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Big Day Out Set To Change Hands Again

Concert promoter and ticketing giant Live Nation Entertainment is reportedly in talks to purchase a majority stake in C3 Presents, the promoter behind Lollapalooza and, as of earlier this year, the company who now own 100 percent of the iconic Australian festival, the Big Day Out.

According to the New York Times, the possible deal is still in the negotiation stages, and if completed would give Live Nation a 51 percent stake of C3, which is reportedly valued at around US$250 million.

Earlier this year Music Feeds revealed that C3 now own 100 percent of the Big Day Out, after promoter AJ Maddah sold his 50 percent stake in the company. The festival’s new owners then confirmed that the Big Day Out will not return in 2015.

In the aftermath of the news breaking, AJ Maddah insisted that although he sold all his shares to C3 for just $1, he has “the option” to buy them back for the same price at a later date, provided he throws in some extra capital.

He also insisted that he will still be involved in the running of the Big Day Out which he says will return in some capacity 2016, when “people will see the reboot of Big Day Out Version 2.” Exactly what that means remains unknown.

It has been speculated that C3 Presents would rebrand the festival as an Australian arm of Lollapalooza, since it has been announced that the Chicago-based festival is looking to expand further beyond its offshoot music festivals in South America. Maddah insisted to triple j this rebranding of the Big Day Out would not happen in Australia.

In June, C3 Presents released a statement confirming BDO 2015′s cancellation and stating their intention to bring the festival back “in future years”. The short statement made no mention of Maddah or his involvement.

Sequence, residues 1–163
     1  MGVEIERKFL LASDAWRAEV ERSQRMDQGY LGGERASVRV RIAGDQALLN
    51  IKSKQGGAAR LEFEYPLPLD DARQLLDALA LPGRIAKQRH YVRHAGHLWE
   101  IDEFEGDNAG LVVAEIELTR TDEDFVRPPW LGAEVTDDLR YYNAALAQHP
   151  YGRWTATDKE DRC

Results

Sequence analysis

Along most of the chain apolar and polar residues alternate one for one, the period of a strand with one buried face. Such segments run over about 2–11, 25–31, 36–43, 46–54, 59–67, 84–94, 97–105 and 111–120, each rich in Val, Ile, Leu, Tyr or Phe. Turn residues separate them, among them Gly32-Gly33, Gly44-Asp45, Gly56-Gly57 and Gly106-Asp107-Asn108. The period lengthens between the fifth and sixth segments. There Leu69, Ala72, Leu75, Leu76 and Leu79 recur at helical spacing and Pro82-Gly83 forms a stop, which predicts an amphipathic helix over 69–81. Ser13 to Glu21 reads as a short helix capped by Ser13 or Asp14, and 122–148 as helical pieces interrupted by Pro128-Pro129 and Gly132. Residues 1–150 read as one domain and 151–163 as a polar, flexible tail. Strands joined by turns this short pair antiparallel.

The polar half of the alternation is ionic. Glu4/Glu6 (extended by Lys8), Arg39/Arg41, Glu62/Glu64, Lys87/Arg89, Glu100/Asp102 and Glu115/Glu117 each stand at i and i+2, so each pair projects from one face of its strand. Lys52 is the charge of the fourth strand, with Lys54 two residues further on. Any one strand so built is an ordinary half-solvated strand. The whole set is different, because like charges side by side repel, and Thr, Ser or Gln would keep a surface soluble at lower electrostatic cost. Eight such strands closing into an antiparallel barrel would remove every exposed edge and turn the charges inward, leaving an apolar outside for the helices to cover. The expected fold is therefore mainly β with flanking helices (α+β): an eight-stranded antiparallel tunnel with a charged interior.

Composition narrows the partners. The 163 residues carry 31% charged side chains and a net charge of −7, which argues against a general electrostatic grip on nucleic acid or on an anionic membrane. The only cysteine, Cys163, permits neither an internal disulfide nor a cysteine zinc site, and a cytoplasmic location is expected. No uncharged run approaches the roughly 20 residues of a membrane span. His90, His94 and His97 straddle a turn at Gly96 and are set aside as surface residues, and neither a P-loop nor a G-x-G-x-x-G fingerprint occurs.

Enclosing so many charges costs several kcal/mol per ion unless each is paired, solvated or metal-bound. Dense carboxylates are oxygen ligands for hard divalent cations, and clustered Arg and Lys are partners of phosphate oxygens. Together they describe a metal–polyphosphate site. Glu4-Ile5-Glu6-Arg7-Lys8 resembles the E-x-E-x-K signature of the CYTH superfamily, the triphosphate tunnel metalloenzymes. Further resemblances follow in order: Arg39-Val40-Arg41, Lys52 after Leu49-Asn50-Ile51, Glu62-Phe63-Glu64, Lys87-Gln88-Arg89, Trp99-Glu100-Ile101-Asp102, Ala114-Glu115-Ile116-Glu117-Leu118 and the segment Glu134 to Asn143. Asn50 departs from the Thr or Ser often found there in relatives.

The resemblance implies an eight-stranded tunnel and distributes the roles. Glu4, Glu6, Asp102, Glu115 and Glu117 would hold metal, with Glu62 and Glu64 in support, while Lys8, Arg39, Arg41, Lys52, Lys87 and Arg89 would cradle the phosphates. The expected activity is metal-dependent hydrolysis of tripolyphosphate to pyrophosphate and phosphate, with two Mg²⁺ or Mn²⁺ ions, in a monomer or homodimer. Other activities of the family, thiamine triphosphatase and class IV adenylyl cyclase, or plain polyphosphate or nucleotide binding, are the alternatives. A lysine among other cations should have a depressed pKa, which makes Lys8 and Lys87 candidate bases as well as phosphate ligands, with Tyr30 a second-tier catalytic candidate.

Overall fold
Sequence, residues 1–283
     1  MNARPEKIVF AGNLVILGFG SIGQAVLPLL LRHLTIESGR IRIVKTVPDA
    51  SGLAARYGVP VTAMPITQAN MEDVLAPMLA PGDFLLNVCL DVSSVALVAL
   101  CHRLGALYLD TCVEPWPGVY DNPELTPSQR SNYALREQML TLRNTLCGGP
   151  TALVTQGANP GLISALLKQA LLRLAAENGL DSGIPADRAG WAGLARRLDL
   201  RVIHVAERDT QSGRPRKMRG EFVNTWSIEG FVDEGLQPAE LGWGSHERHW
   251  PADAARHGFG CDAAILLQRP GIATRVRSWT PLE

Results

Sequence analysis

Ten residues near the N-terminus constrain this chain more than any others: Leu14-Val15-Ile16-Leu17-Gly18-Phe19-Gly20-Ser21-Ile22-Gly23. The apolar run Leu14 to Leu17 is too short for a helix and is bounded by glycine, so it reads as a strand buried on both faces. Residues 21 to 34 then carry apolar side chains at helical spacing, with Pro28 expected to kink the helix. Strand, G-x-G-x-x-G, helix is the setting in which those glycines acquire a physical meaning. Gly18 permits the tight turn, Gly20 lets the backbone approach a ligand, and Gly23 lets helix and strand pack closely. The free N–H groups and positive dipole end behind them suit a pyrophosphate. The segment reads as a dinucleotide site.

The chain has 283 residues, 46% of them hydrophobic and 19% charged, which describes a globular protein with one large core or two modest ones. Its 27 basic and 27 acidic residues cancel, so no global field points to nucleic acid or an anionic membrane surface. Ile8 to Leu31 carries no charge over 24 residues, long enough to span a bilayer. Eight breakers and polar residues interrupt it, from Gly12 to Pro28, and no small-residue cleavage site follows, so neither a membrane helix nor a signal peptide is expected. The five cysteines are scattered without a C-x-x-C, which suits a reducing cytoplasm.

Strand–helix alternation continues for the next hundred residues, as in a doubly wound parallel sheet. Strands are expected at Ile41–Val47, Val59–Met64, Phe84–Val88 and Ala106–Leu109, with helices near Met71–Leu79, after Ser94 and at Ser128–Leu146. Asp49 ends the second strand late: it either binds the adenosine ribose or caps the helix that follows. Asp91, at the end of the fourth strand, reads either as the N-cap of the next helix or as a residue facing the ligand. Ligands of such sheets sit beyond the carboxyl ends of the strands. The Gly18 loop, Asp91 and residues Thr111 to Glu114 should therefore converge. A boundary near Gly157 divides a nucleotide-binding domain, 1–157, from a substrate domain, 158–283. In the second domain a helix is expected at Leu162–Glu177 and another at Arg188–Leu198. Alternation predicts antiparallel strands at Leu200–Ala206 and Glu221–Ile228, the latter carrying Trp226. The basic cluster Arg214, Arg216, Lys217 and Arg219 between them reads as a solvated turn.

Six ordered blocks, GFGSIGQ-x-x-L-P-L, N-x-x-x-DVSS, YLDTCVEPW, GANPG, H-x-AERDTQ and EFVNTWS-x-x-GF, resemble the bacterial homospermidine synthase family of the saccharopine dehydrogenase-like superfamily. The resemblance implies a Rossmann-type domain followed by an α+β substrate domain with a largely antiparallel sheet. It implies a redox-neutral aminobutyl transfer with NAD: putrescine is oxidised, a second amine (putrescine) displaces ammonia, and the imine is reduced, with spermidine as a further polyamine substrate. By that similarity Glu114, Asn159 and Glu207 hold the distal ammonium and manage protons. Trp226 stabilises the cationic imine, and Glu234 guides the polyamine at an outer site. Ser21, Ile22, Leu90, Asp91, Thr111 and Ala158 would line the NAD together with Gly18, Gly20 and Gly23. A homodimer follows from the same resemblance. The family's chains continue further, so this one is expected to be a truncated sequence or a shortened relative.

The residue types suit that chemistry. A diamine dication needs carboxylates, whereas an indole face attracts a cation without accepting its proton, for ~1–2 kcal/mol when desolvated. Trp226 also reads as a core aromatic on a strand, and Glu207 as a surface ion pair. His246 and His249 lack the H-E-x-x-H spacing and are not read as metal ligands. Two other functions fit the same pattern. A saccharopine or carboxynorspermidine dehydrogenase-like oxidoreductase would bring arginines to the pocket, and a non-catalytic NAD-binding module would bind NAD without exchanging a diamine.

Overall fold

Live Nation has already established a decent festival portfolio over the years, and has built a network of predominately EDM festivals, by acquiring the various dance promoters such as British EDM promoter Cream Holdings, organiser of the Creamfields Music Festival, the Los Angeles-based Hard, who run Hard Summer Music Festival and Insomniac Events, with its flagship festival Electric Daisy Carnival. Buying C3, the leading independent promoter in North America, would extend that portfolio to include a mixture of alt rock, indie and and EDM events.

In January this year president of Live Nation Australasia Michael Coppell told The Music Network that while Live Nation currently don’t operate festivals in Australia, they are looking to expand. “I think we’re looking at some stuff but it all depends on how things shake out after this festival season, it will be very interesting to see which brands survive and which don’t,” he told the publication.

While Coppell praised the Big Day Out as “a rite of passage” for young Australians, he criticised the festival’s choice of recent headline acts and said they may have “lost their core base”. “I think the real point that comes out is you’ve got to have a good reason for doing a festival,” he continued. “You’ve got to have a philosophy or a style which you bring to it.”

Back in 2011, former Big Day Out promoter Ken West opened up to the New Zealand Herald about his struggle to keep the festival independent by not selling it off to large companies like Live Nation. “Keeping it out of the Live Nation’s and the big stock market companies that like to gobble up these kinds of things is one of the hardest things for independent promoters to do, because they do offer a lot of money to do it,” he said.

“You’re in this quandary where you’re trying to do something that is really important for the local scene and you’ve got other people that are just trying to cherry pick the things that work out of your event…It’s the ultimate thing of art vs. commerce.”

The terms of the Live Nation deal with C3 are not currently known and neither company have commented on the reports. According to the Times, C3 already has “deep ties” with Live Nation as one of C3’s owners, Charlie Walker, is actually a former Live Nation exec. The other two owners are Charles Attal and Charlie Jones. The company was founded in 2007 and is based in Austin, Texas.

Photos: Big Day Out Perth – Arena Joondalup, 02/02/14 / Photos by Court McCallister

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